Introducing Tuesday Tips


Hi! I’m Taffta and I wear many hats. Not only am I a mom of three, but I am an occupational therapist and owner of Best Practices Behavior & Occupational Therapy and We Rock the Spectrum The Woodlands, and together with my husband, Dustin, we offer PEERS In The Woodlands, an intensive 14 week social skills training curriculum for teens and their families. Having a sensory based indoor playground and owning a private practice gives us a platform to share resources and information. Our passion is to bring families together, offer support, and share as much knowledge with our community as possible. On Tuesdays, I will share tips, strategies, and interesting tidbits I’ve picked up in my 16 years of practice. Please feel free to send me questions or topics to highlight!

Today’s Topic: Quick Fixes For Fisted Grip

Learning handwriting can be super frustrating for kids of all ages. There are so many physical and sensory aspects that can be the underlying root of handwriting problems, but today we will discuss motivation and independence in fixing that pesky fisted grasp. To discourage the negative feelings associated with prewriting or handwriting, we want to make sure that the child makes as many decisions in the process as possible. When addressing grasp, lots of times we want to spend money on pencil grips, triangular crayons, or adaptive devices. In my experience, shortened pencils and crayons work best. That’s right. Break those crayons and pencils so that they are too small to pick up with a child’s whole fist. This encourages a digital grasp over a fisted one and allows for more control of the writing tool. And most of all, when there are only short pencils or crayons to choose from, you are allowing the child the independence to try out a different grasp without adult correction, reducing that fight that happens over holding the pencil/crayon the “right way”. Even better, provide the child with a slanted writing surface to promote stabilization of the wrist and forearm, resulting in increased movement and control by the intrinsic muscles of the hand. A three inch binder is perfect for this! Make sure you have your child sitting in a chair and desk appropriate for his/her size in order to promote proper positioning, therefore reducing unnecessary physical demands.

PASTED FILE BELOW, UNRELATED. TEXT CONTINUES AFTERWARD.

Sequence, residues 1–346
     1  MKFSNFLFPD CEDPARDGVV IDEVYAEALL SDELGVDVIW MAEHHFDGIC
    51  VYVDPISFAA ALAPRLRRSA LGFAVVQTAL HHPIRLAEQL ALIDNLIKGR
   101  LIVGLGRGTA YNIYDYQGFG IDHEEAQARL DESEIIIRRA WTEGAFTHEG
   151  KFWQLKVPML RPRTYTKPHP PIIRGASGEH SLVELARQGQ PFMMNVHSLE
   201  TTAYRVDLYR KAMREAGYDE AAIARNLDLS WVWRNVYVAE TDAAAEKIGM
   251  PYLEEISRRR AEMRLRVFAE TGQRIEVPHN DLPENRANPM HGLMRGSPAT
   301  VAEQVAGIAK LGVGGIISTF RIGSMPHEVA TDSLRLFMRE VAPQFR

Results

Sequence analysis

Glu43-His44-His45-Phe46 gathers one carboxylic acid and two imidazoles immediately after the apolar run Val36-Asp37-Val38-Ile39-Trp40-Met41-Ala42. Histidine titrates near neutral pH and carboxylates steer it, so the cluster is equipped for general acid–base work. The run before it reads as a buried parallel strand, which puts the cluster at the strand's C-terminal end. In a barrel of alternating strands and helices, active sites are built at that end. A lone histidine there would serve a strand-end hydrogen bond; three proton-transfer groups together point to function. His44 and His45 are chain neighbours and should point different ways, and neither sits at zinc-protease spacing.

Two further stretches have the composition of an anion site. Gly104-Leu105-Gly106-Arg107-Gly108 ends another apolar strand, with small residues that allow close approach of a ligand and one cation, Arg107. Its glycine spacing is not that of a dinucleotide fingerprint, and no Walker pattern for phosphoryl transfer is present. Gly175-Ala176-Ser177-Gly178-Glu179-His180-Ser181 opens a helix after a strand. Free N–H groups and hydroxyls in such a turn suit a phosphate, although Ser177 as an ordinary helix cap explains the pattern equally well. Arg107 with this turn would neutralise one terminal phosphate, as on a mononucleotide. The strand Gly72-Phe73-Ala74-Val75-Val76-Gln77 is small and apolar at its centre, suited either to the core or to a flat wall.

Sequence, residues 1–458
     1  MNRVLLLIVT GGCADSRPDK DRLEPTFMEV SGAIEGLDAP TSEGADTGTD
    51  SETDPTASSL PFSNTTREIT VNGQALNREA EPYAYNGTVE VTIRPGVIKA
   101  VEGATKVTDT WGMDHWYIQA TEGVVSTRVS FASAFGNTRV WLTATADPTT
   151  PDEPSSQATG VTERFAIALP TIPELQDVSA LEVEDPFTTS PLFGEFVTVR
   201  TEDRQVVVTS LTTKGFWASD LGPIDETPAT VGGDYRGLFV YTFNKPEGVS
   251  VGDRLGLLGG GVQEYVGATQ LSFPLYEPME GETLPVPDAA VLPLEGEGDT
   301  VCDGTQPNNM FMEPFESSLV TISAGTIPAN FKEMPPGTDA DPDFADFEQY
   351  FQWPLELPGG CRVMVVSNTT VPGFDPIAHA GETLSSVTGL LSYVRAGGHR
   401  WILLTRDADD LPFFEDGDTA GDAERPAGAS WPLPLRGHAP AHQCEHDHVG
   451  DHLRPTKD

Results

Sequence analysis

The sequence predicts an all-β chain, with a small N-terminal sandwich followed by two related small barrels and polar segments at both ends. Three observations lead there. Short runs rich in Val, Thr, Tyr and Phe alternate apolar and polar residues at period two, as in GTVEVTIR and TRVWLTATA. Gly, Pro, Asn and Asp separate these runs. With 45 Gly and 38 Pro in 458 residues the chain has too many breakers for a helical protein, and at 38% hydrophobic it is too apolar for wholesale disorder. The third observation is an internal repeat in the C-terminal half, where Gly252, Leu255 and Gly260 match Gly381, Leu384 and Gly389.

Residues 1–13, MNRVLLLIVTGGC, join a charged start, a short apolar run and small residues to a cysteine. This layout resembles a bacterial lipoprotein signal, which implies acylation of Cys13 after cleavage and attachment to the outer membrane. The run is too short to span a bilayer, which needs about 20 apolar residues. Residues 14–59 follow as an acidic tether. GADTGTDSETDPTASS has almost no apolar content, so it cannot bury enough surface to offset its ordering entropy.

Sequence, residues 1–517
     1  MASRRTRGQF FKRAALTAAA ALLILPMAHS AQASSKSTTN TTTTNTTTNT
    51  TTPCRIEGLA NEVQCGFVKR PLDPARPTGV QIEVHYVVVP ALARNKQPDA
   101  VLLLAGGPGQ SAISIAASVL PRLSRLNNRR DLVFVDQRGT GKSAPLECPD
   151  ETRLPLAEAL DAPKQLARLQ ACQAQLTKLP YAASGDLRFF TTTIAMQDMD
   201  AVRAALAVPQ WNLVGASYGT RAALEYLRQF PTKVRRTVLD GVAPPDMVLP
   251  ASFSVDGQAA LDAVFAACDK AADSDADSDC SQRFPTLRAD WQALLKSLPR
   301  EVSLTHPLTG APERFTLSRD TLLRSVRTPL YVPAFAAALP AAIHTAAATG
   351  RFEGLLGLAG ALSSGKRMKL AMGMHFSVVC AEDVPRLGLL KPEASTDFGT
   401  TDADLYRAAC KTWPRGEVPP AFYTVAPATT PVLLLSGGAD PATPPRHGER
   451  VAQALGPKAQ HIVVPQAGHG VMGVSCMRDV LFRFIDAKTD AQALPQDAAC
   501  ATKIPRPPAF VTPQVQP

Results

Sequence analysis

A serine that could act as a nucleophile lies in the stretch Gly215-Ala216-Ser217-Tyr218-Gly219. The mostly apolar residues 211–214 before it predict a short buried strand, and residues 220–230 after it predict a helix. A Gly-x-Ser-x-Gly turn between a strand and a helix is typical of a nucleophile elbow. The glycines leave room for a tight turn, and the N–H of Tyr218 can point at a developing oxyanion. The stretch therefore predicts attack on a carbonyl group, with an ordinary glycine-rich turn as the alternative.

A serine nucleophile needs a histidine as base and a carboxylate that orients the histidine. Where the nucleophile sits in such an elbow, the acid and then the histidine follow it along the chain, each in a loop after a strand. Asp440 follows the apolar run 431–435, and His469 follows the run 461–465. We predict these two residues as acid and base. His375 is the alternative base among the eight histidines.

Free Training!

Did you know that a large percentage of females on the spectrum are often undiagnosed, misdiagosed, and/or diagnosed at a later age than their male counterparts?

This online (free!) training, hosted by UC Davis’s MIND Institute, focuses on the female experience with autism and ADHD. Topics include:

-Camouflaging in Autistic Women

-Autism and ADHD in Girls and Women: One or the Other, or Both?

-Life on the Spectrum: Women Sharing Their Unique Experiences

Details: 8/7/2020 11am-2:45pm

Register here (CEUs are offered):


Hi Y’all!

Our last winter in California

Dustin and I and our three girls moved to The Woodlands, TX from Redondo Beach, CA in July 2018. While we loved the California weather and views almost as much as we loved our California family and friends, we just felt called to make a change. Being a Louisiana girl, it wasn’t such a huge transition for me, but for my California born and bred husband and daughters, it was such a brave leap. And just like that, they’ve adjusted to Texas living and hospitality and it is more than we asked for.

After working in the public school system for over 15 years, both of us discovered that we were even more fulfilled in helping families outside of the classroom. We decided that when we got to Texas we would focus our energy on family centered intervention and in January of 2019 we developed Best Practices. We are currently in our early stages of figuring out how to get in network with insurances and how our model can best meet the needs of our community. So any input from you is always appreciated.

A bit about us: Dustin was born and raised in Southern California. He attended UCLA for undergrad, receiving his advanced degrees from Cal State LA. He is a die hard Bruins fan, especially UCLA basketball. I was raised in Louisiana and attended LSU for undergrad (Geaux Tigers). After graduation, I thought I might go spend some time in Los Angeles and see what that was like, and within a year I met Dustin and was introduced to Occupational Therapy. We applied to our graduate programs at the same time and got married in the process, in 2006. We have three amazing girls. Our twins, Avery and Finley, are 9, and our “baby”, Mackenna, is 8. We also have a cockapoo (Gumbo) and a puppy golden retriever (Dude).

We have learned so much from having three kids. Especially since they are each so very different. They teach us that even though children may be raised in the same environment with the same parents and same expectations, each may require a completely different approach. That being said, they keep us on our toes, but also keep us in stitches. Currently, our home life is filled with gymnastics, dance, and horses. And dogs. It’s busy and loud, but also very fun.

Now that I’ve provided a little background about us, we are going to use this blog to post resources, information, and thing of interest that come about while working with kids. I’m a bit nerdy and get really excited about sensory integration and behavior and sometimes I’m dying to share.

First day of school in Texas